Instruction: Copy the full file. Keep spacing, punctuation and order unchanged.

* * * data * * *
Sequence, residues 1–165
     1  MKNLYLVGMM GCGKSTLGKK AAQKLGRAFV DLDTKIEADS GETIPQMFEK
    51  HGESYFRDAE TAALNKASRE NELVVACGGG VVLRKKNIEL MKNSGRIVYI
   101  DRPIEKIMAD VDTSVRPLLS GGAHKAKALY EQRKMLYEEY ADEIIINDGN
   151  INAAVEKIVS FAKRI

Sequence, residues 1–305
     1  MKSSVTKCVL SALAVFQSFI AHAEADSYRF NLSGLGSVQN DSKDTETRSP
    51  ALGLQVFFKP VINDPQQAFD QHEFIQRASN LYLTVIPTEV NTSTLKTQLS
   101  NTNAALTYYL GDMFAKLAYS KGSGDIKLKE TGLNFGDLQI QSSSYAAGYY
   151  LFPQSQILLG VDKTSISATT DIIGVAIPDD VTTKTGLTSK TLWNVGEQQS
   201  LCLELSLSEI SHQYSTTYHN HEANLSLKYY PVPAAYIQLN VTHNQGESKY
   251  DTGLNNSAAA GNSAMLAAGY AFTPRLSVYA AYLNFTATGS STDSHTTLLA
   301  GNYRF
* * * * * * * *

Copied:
Sequence, residues 1–165
     1  MKNLYLVGMM GCGKSTLGKK AAQKLGRAFV DLDTKIEADS GETIPQMFEK
    51  HGESYFRDAE TAALNKASRE NELVVACGGG VVLRKKNIEL MKNSGRIVYI
   101  DRPIEKIMAD VDTSVRPLLS GGAHKAKALY EQRKMLYEEY ADEIIINDGN
   151  INAAVEKIVS FAKRI

Sequence, residues 1–305
     1  MKSSVTKCVL SALAVFQSFI AHAEADSYRF NLSGLGSVQN DSKDTETRSP
    51  ALGLQVFFKP VINDPQQAFD QHEFIQRASN LYLTVIPTEV NTSTLKTQLS
   101  NTNAALTYYL GDMFAKLAYS KGSGDIKLKE TGLNFGDLQI QSSSYAAGYY
   151  LFPQSQILLG VDKTSISATT DIIGVAIPDD VTTKTGLTSK TLWNVGEQQS
   201  LCLELSLSEI SHQYSTTYHN HEANLSLKYY PVPAAYIQLN VTHNQGESKY
   251  DTGLNNSAAA GNSAMLAAGY AFTPRLSVYA AYLNFTATGS STDSHTTLLA
   301  GNYRF